Sunday, January 29, 2012
Scott and Denise Turner are the Adoption Rally grant recipients for the Monday's men’s basketball game against Jacksonville. All single-game ticket sales will be given to the Turners as a contribution towards their adoption expenses.
The Turners are active members at Brentwood Baptist Church. Scott is a senior software developer for PureSafety. Denise is a 1997 Lipscomb graduate and is a homemaker.
The Turners are nearing the end of their adoption process of a little boy from Korea. He will be their first child. They are expecting to be able to bring him home in April.
They are also in the initial stages of adopting another child, likely a girl, from China.
Why are you adopting?
"We first hoped to start a family in 2004. Four years later we began considering adoption, but remained undecided until later that year when Denise tutored a child adopted from China. We both noticed how attached the child was to her adoptive mom and how easily she adjusted to us. Other adoptive families continued to cross our path and after hearing their stories, we realized that adoption was not that unusual and that everyday people just like us were successfully raising adopted kids.
"It was easy to see among our friends how adoption had enhanced the lives of both the parent and child. Naturally, there came a moment of decision where either we would continue to wonder about adoption or make real steps towards it. After much prayer and encouragement from family, we believed that adoption was a blessing which we did not want to miss out on. With the decision to adopt settled, we couldn’t wait to get started."
What led you to adopt from Korea?
"The number of agencies and countries open to adoption are numerous so we spent a lot of time at http://adoption.state.gov and other sites just trying to take in the big picture. Of course experiences from our friends’ adoptions also influenced us and ultimately our desire was to adopt from an Asian country. With that geography selected, we learned about the adoption programs of several countries. South Korea has a long history of international adoptions and a health care system similar to that of the United States. With many of the orphans living in foster care rather than group care in an orphanage, we became very interested in this country. Our social worker was aware of our interest to adopt more than one child and she immediately contacted us when a little boy from South Korea became available to adopt. We were given pictures, videos, and even family history information.
"Equipped with all this and evaluations from the staff at Vanderbilt’s International Adoption Clinic, we decided to express our interest for this child. After exchanging our home study and other documents with the Social Welfare Society in Korea, we were given an official child referral. He is currently living with his foster family near Seoul and recently we mailed him a card for his second birthday in January. While we are waiting for approval to travel, we are keeping in touch by exchanging pictures and video discs."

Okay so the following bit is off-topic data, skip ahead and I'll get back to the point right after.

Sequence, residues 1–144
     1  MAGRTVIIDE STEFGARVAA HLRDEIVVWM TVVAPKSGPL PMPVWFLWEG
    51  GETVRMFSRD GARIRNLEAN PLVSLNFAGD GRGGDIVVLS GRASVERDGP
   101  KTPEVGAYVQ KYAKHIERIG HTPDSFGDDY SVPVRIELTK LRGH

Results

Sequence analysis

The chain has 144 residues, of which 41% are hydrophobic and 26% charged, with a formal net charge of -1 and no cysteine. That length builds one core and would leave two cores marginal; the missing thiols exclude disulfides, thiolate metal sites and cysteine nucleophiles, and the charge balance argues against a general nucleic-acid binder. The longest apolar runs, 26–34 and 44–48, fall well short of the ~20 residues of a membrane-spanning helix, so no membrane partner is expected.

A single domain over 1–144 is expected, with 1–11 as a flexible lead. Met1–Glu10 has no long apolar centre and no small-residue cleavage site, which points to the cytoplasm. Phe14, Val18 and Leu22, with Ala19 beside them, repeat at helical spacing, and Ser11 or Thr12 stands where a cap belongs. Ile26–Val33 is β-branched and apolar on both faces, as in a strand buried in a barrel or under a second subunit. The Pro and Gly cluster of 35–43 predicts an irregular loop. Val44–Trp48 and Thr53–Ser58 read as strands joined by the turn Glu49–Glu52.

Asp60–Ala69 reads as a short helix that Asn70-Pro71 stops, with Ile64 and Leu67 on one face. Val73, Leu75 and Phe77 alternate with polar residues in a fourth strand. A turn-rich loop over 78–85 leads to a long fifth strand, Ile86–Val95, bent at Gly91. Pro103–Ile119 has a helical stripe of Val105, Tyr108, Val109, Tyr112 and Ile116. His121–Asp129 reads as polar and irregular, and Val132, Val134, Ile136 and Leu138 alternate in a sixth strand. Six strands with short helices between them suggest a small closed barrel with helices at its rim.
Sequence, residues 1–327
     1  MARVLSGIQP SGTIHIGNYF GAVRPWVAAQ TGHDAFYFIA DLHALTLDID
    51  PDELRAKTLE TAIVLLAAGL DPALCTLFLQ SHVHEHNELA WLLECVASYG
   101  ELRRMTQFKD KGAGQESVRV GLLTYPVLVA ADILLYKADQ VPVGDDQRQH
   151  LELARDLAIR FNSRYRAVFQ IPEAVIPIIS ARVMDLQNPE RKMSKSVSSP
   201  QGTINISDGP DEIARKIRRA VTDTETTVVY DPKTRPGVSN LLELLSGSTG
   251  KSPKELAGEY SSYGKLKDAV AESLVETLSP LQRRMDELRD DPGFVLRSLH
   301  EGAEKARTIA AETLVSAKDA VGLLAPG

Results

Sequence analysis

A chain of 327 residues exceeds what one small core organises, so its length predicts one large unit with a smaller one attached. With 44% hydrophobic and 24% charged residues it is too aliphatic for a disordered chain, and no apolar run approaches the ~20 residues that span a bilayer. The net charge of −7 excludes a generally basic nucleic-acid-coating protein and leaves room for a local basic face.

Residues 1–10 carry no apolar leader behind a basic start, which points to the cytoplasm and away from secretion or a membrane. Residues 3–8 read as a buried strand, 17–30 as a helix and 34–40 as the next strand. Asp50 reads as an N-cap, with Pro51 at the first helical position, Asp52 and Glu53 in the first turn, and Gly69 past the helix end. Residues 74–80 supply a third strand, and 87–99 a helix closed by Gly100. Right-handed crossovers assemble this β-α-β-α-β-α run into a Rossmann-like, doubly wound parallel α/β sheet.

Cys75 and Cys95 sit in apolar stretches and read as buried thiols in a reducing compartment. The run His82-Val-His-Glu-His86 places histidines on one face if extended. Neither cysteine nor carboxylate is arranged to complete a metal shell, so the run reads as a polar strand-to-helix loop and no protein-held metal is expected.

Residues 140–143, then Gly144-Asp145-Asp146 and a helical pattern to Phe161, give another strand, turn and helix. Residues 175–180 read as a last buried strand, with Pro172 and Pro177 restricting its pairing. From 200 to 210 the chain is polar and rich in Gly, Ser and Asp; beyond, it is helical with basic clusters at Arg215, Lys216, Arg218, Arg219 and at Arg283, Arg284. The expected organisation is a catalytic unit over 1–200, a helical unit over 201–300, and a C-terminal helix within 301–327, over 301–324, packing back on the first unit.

What else is unique about your story or your family that people would be interested in knowing?
"The road that led us to South Korea first began in China. Initially, we enrolled in a China adoption program and became eligible to adopt, or 'logged in,' with a Chinese agency in 2009. While the Chinese agency has made efforts to make wait times more predictable, we were not expecting to be matched with a child or travel to China until 2014 or later. In 2010, our social worker informed us of a little boy in South Korea who had just become available for adoption and asked us if we were interested in pursuing a concurrent adoption.
"Interestingly, our dream of raising a family now involves two Asian countries. It will be special that both children would be able to have an Asian heritage in common. We feel blessed that one day we will be a multi-cultural family compiled of a son from South Korea and likely a daughter from China. Only with inner peace and strength from the Lord have we been confident enough to explore adoption."
Lipscomb University's Adoption Rally program was created to help families in middle Tennessee raise money to defray some of the mounting costs of adoption. At each men's basketball home game, an adopting family is chosen as the beneficiary of all of the single-game ticket sales revenue for that game. The families are chosen by the Adoption Rally Advisory Board made up of Lipscomb alumni and friends who have either adopted children or were adopted themselves. Families that are chosen simply try to get as many people to attend their game as possible. The larger the crowd, the more money that goes towards their adoption. For full details or to apply for an Adoption Rally grant, visit www.adoptionrally.com.
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